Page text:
an eye looking through a keyhole
(Predrag Novakovic)

ALBANY – A man who videotaped his neighbor as she emerged from the shower in her own bathroom violated the woman’s expectation of privacy, according to the state Court of Appeals, which said that the Legislature did not intend for the term “surreptitious” in the state’s Penal Law to be too narrowly defined.

In upholding David Schreier’s conviction for second-degree unlawful surveillance, a unanimous court rejected Schreier’s argument that although the woman did not know she was being taped, he was positioned in a public place when he filmed her through a window in her front door and did not do so “surreptitiously,” as Penal Law §250.45[1] prohibits.

Chief Judge Jonathan Lippman (See Profile) wrote in People v. Schreier, 4, that the Penal Law holds that among the circumstances where a person “has a reasonable expectation of privacy” is at a “place and time when a reasonable person would believe that he or she could fully disrobe in private.”

“One’s own bathroom must certainly be the quintessential example of a location where an individual should expect privacy,” Lippman wrote.

He said the fact that the woman’s bathroom was on the second floor of her townhouse only bolstered the expectation that she or any other “reasonable person” could expect privacy under the circumstances.

“It cannot be said that the legislature intended New Yorkers to have to shutter their own residences completely in order to garner the protection of this Penal Law provision,” Lippman said. “Defendant’s conduct was an unmistakable violation of complainant’s reasonable expectation of privacy and the evidence was legally sufficient to support this element of the offense.”

Lippman added that the Court of Appeals would not review the reasonableness of the woman’s expectation of privacy under a Fourth Amendment analysis. The Fourth Amendment is concerned with protecting citizens from unreasonable government intrusions and has “limited relevance” in the context of Schreier’s challenge to his conviction, the court held.

Judges Victoria Graffeo (See Profile), Susan Phillips Read (See Profile), Robert Smith (See Profile), Eugene Pigott Jr. (See Profile), Jenny Rivera (See Profile) and Sheila Abdus-Salaam (See Profile) joined in the ruling, which backed the affirmance of Schreier’s conviction by an Appellate Division, Fourth Department, panel in People v. Schreier, 96 AD3d 1453 (2012).

According to police, Schreier videotaped the woman in 2008 on Christmas Eve morning at 7:30 a.m. The time was relevant because it was before dawn, which came that day at 7:41 a.m. in Rochester, and bolstered the authorities’ contention that Schreier acted in a “furtive or stealthy manner” while avoiding detection while he taped.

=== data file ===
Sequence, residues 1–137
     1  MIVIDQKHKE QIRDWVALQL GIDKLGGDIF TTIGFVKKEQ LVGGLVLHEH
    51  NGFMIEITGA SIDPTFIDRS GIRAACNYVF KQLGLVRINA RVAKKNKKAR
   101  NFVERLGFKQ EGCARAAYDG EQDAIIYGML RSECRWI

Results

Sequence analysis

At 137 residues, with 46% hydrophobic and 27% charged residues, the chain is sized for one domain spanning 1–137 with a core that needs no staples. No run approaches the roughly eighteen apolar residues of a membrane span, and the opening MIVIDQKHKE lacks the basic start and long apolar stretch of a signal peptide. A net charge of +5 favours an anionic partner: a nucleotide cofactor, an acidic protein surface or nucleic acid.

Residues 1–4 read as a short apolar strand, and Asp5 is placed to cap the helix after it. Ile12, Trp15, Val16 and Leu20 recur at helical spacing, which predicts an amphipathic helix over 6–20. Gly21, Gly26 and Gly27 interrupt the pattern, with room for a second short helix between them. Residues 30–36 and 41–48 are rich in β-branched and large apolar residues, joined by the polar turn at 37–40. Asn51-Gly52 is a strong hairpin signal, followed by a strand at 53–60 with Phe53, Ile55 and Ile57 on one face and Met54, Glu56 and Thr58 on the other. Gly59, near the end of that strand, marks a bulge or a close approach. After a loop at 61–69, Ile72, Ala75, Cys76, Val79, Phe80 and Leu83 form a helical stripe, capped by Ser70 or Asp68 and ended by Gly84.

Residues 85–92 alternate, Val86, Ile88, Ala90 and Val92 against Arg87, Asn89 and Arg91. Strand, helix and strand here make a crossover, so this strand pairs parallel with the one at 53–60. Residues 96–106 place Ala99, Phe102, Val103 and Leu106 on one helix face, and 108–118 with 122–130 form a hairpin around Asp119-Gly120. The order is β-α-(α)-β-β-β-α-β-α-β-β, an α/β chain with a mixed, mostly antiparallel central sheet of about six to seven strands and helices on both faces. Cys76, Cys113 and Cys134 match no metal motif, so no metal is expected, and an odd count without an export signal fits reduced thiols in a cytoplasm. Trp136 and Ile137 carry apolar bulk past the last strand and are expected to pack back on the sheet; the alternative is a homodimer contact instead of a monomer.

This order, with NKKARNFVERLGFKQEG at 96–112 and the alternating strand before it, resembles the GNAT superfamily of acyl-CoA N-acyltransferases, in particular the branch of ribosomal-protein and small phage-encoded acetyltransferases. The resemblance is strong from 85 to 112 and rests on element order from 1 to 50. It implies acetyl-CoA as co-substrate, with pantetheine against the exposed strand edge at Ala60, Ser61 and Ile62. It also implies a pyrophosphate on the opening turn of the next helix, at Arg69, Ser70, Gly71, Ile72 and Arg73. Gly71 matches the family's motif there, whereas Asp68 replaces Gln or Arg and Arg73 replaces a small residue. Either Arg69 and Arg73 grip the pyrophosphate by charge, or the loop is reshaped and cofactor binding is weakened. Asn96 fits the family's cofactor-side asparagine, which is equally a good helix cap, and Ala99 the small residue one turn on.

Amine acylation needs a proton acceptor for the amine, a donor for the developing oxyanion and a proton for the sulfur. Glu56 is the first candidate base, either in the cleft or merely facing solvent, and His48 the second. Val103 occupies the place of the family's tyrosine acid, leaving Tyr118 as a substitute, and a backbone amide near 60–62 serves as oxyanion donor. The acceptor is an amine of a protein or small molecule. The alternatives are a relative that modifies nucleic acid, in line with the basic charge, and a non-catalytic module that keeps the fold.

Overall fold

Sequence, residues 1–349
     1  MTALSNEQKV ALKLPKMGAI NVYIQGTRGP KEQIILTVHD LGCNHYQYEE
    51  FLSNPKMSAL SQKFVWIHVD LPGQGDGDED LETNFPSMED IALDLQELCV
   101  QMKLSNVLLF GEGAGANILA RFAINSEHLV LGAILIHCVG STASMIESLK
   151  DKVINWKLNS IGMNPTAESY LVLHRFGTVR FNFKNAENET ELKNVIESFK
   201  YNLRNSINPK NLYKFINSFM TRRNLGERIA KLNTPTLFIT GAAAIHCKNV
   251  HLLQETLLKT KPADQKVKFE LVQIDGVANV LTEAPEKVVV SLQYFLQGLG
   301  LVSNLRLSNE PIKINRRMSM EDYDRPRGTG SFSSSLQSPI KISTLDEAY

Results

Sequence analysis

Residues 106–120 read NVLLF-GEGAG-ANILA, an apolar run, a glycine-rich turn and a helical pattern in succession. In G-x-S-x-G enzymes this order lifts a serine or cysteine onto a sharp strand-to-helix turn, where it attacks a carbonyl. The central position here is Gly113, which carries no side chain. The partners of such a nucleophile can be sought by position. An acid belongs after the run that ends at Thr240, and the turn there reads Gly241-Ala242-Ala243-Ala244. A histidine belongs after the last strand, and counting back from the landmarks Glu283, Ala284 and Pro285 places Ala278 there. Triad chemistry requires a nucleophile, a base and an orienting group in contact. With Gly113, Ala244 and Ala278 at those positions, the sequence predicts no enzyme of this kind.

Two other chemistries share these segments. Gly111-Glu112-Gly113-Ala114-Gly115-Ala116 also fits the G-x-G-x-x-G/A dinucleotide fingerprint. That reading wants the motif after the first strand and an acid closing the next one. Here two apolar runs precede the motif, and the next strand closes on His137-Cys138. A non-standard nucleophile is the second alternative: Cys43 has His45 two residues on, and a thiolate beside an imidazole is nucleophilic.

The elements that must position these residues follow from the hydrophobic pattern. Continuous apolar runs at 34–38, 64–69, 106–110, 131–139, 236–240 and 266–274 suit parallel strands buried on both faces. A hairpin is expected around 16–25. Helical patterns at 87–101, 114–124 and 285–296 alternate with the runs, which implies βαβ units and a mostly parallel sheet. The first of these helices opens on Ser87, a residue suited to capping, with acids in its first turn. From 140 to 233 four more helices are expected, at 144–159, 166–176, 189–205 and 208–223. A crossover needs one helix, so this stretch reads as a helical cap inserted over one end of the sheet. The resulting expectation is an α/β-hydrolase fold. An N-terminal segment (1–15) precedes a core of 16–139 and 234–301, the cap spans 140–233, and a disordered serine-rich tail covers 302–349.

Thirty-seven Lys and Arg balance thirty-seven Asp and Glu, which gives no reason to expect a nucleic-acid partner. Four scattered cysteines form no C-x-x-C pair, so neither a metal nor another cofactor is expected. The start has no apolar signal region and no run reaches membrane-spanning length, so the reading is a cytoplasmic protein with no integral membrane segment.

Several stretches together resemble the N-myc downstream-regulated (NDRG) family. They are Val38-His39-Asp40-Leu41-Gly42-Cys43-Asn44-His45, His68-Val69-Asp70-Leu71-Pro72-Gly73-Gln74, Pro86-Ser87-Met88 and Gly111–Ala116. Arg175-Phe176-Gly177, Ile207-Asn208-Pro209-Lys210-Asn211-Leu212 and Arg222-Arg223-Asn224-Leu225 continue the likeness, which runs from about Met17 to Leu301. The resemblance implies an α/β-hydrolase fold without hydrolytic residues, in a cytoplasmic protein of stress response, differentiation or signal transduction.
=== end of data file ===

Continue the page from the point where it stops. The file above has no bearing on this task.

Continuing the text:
“In other words,” Lippman wrote, “he was acting surreptitiously.”

The woman said she kept the door to her bathroom open so she could hear her child if he woke up. She was alerted to the man’s presence at her front door, which faced a set of stairs leading up to the bathroom door, when she noticed the red “record” light of a camera through the window, according to the ruling.

The door had a decorative, crescent-shaped window that was above the average eye height, but the 6-foot-2 defendant, holding the camera above his head, could get a clear shot up to the bathroom door, according the court ruling.

She immediately shut the bathroom door and called police. Authorities said they found footprints in the snow in front of her door which they tracked to Schreier’s nearby townhouse.

After questioning, police said Schreier acknowledged videotaping the woman and turned over his camera and memory card.

He was convicted after a bench trial in Monroe County Court of second-degree unlawful surveillance and sentenced to five years probation.

Timothy Murphy of Lipsitz Green Scime Cambria in Buffalo represented Schreier.

Murphy said in an interview Thursday that he had hoped the Court of Appeals would have found the unlawful surveillance statute was aimed at preventing illegal videotaping that occurs in bedrooms, locker rooms, bathrooms and other places where activities are otherwise “hidden from all public view.” That was the limited reading of “surreptitious” that Murphy said he tried to get the court to adopt.

It had not been clear until the court’s ruling Thursday that the statute also covered the taping of anyone “standing in front of a window,” such as the images Schreier captured as he stood outside of the woman’s front door, Murphy said.

Murphy said Thursday he did not believe the Scheier case involved any interpretation of federal law that would allow an appeal to the U.S. Supreme Court.

Monroe County Assistant District Attorney Nicole Fantigrossi said the court applied the plain meaning of surreptitious, which was prosecutor’s position all along.

Lippman noted that the unlawful surveillance statute was established in 2003 to combat “video voyeurism.” It was dubbed “Stephanie’s Law” after a woman whose landlord hid a video camera in a smoke detector in her bedroom.